a total cock up, they made a balls of it.
Not weird per se, but some luck
Don’t look down: hang‑glider takes off without harness
A thrillseeker endured two minutes of terror in a slip-up at 4,000ft over the Swiss Alps
Oliver Moody, Berlin
November 27 2018, 5:00pm, The Times
Chris Gursky held on for dear life as the hang glider reached heights of 4,000 feet
About five seconds into Chris Gursky’s first flight on a hang glider, it occurred to him that something was not quite right. As the contraption hurtled off the side of a mountain in the Swiss Alps, a lake shimmering 4,000ft below, he realised what it was: the harness was not attached to the frame.
For the next two minutes and ten seconds Mr Gursky, an American luxury car dealer, clung on to the bar of the glider — and his instructor — for dear life. Then he let go and dropped the final few feet to the valley floor. He got away with a fractured right wrist and a torn tendon on his left bicep. “It beats the alternative,” he said.
The American tourist was treated for a broken wrist and a torn tendon
Mr Gursky, 54, from North Port in Florida, was visiting Interlaken on the first day of a Swiss holiday with his wife of 26 years, Gail, in mid-October.
As the couple had never tried hang gliding before, they each took a tandem flight with an experienced instructor. “Gail and her pilot took off first,” Mr Gursky wrote on Facebook. “[It] looked cool as hell. Then my pilot and I lined up for take-off.
“We waited for the updraft to pick up and then we ran till we left the side of the 4,000ft mountain edge.
“I was expecting to level out above the pilot as we went, but quickly discovered that my harness was not attached to the hang-glider or anything else.”
Video footage of the flight has been viewed more than a million times since Mr Gursky uploaded it to YouTube on Monday. “My body weight shifted straight down and I found myself hanging on for my life,” he wrote.
“I remember looking down and thinking: this is it. I was losing grip with my right hand, [which] was holding on to a strap on the pilot’s right shoulder.”
Buffeted by gusts of air, Mr Gursky began swinging from side to side.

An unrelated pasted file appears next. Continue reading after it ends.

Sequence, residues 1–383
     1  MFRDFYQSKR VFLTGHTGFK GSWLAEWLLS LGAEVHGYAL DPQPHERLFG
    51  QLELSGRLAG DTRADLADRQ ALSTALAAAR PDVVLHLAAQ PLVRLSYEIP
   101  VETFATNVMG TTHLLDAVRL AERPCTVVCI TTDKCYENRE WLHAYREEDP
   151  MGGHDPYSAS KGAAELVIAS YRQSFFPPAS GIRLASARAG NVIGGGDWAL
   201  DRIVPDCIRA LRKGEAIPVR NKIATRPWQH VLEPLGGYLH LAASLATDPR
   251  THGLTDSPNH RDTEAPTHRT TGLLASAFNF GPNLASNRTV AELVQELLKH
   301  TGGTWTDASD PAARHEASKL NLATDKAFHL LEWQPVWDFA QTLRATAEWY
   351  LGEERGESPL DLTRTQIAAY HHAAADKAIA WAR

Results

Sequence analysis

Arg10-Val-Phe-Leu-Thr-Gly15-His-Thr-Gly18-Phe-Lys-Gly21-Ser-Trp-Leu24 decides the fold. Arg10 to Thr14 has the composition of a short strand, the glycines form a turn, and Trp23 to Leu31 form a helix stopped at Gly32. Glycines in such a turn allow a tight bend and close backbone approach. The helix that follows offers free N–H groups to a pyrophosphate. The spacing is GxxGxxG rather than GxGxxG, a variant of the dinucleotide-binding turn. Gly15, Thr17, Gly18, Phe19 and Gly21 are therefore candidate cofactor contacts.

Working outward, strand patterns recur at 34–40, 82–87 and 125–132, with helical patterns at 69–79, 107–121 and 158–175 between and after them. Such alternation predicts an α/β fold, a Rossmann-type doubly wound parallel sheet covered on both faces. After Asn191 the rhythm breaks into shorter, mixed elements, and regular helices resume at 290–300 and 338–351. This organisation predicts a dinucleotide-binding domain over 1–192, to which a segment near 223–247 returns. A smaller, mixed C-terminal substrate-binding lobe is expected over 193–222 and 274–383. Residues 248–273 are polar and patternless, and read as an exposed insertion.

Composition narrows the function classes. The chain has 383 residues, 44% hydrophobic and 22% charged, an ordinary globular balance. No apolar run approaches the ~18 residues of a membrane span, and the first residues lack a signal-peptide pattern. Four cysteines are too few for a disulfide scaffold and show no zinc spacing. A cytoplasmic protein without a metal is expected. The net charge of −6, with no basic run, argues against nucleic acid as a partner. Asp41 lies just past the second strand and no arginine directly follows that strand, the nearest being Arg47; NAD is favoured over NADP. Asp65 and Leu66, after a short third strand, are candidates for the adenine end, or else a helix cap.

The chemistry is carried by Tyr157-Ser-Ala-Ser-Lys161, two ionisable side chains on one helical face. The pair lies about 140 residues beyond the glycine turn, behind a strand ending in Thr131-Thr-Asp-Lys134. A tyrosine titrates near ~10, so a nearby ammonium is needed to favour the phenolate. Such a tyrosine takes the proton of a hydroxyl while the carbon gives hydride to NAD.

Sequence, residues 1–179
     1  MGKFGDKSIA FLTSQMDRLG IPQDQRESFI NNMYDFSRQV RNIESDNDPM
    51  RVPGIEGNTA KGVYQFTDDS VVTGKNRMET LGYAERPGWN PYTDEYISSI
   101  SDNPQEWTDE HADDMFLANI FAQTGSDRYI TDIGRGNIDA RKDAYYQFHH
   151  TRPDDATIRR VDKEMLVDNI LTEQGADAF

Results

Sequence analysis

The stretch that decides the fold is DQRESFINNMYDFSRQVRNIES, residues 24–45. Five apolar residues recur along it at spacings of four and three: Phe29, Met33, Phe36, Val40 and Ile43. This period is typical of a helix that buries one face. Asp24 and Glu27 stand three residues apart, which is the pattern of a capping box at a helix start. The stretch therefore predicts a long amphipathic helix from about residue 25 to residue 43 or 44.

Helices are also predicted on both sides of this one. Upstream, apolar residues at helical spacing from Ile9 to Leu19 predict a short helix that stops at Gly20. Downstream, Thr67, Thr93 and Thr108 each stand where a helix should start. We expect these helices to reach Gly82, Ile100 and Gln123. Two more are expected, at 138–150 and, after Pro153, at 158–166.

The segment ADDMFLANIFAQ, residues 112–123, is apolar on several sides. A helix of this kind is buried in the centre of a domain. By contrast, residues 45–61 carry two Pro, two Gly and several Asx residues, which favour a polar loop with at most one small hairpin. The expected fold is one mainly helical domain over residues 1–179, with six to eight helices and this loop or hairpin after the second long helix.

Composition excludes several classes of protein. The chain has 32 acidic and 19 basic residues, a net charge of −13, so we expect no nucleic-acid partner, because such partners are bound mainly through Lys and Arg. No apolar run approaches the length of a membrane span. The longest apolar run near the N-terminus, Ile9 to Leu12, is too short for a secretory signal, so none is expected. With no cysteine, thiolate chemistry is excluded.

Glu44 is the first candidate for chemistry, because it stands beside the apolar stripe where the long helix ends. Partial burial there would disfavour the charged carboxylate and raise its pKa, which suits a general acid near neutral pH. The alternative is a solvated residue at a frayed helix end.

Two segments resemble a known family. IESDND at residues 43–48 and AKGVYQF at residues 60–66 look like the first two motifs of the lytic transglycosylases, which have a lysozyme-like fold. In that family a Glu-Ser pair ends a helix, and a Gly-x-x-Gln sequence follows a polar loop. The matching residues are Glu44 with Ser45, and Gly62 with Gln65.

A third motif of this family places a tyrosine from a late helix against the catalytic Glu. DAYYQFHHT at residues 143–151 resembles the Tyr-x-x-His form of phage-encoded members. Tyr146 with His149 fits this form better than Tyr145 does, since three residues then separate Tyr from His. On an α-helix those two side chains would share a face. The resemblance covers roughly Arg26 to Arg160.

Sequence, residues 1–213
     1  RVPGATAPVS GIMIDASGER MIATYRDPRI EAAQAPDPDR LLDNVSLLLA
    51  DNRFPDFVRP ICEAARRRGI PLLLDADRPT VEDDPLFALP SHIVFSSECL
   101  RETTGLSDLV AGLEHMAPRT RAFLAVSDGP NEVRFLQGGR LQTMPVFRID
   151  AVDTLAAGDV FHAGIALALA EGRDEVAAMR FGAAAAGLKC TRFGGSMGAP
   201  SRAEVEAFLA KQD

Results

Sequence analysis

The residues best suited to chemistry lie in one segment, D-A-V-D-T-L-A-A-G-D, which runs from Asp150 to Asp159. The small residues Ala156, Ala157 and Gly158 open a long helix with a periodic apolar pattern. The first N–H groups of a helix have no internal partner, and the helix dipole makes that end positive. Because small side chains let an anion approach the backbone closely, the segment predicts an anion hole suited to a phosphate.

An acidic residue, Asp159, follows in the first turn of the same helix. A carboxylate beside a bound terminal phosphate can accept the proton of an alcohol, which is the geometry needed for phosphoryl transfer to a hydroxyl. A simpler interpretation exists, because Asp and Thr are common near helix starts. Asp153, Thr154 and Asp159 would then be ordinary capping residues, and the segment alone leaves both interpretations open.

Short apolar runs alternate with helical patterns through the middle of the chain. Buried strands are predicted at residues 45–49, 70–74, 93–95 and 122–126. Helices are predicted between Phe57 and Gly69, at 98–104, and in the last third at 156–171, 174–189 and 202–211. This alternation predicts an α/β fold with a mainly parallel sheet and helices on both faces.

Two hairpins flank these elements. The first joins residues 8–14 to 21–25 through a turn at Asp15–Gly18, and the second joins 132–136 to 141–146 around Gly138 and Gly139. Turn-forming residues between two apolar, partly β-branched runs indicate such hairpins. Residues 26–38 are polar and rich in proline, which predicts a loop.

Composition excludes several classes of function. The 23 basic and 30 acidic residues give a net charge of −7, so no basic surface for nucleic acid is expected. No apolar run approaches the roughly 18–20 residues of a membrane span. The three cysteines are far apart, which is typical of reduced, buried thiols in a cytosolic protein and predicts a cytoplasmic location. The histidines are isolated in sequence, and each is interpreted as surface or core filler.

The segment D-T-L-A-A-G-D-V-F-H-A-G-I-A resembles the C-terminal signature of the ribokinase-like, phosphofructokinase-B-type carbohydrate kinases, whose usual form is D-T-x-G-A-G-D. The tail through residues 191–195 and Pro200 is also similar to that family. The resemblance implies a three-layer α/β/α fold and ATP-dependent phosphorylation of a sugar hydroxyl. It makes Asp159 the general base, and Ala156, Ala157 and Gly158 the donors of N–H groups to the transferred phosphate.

The instructor desperately attempted to land as Mr Gursky, starting to lose his grip, clung to his leg
The pilot tried to grab his right hand but it slipped out of his grip. “I ended up holding [the] bar with the left hand and the lower part of his leg with the right when we were nearing the ground,” he wrote.
“I looked down to see my feet hit first, which ripped me off at about 45mph as it was a hot landing and I was under the landing gear. I would guesstimate the total flight time was about five minutes. When I sat up I knew something was wrong and saw that my wrist was broken.
“For two minutes and 14 seconds I had to hang on for my life! The landing was a rough one, but I lived to tell the story.” Mr Gursky and his instructor, who had landed on a shooting range, had to make their way through two layers of electric fencing before finding help.
Mr Gursky was taken to hospital where the shattered radius in his right wrist needed four hours of surgery, a titanium plate and seven screws.
A qualified hang glider pilot said that Mr Gursky had survived simply through luck. “Normally this kind of mistake is fatal,” he told 20 Minuten , a Swiss newspaper.
The country’s civil aviation authority is investigating the incident.
Asked if he would ever brave the skies again Mr Gursky had no doubts. “I will go hang gliding again,” he said “as I did not get to enjoy my first flight.”
PRIDE AFTER A FALL
Vesna Vulovic, 1972
The 22-year-old Serbian air stewardess survived after falling 33,330ft when her Yugoslav Airlines aeroplane exploded over Czechoslovakia. A food trolley pinned her to a section of the plane that landed on snow.
Bas Wie, 1946
The “Kupang Kid” was 12 when he crept into the engine casing of a Dutch aircraft on the tarmac at an airport on the Indonesian island of Timor. He survived the three-hour flight to Darwin, Australia.
Maria Nelly Murillo, 2015
Five days after a twin-engine Cessna crashed in Colombian rainforest, Ms Murillo, 18, and her baby son were found in a ravine less than half a mile away. They lived on coconut water and rain.
Juliane Koepcke, 1971
The 17-year-old was the sole survivor after her plane was struck by lightning over Peru. She fell 10,000ft and landed with her seatbelt still fastened. She walked for 11 days, surviving on sweets, before being airlifted to safety.
You may as well be hung for a sheep as for a lamb.
What the fuck is the paper resting on
God help us. He’s having a Tom kite.
I really hope not.
In the bath gents. Relax. Did 80k with 1k of climbing this morning frozen and wet and hungover.
There is the makings of a fine camogie team on TFK.
Could also go in the WTF is wrong with people thread.
Wtf is that?
That’s the result of the “finished mindset”
God almighty save us from that nonsense pls
They need to find the pussy wagon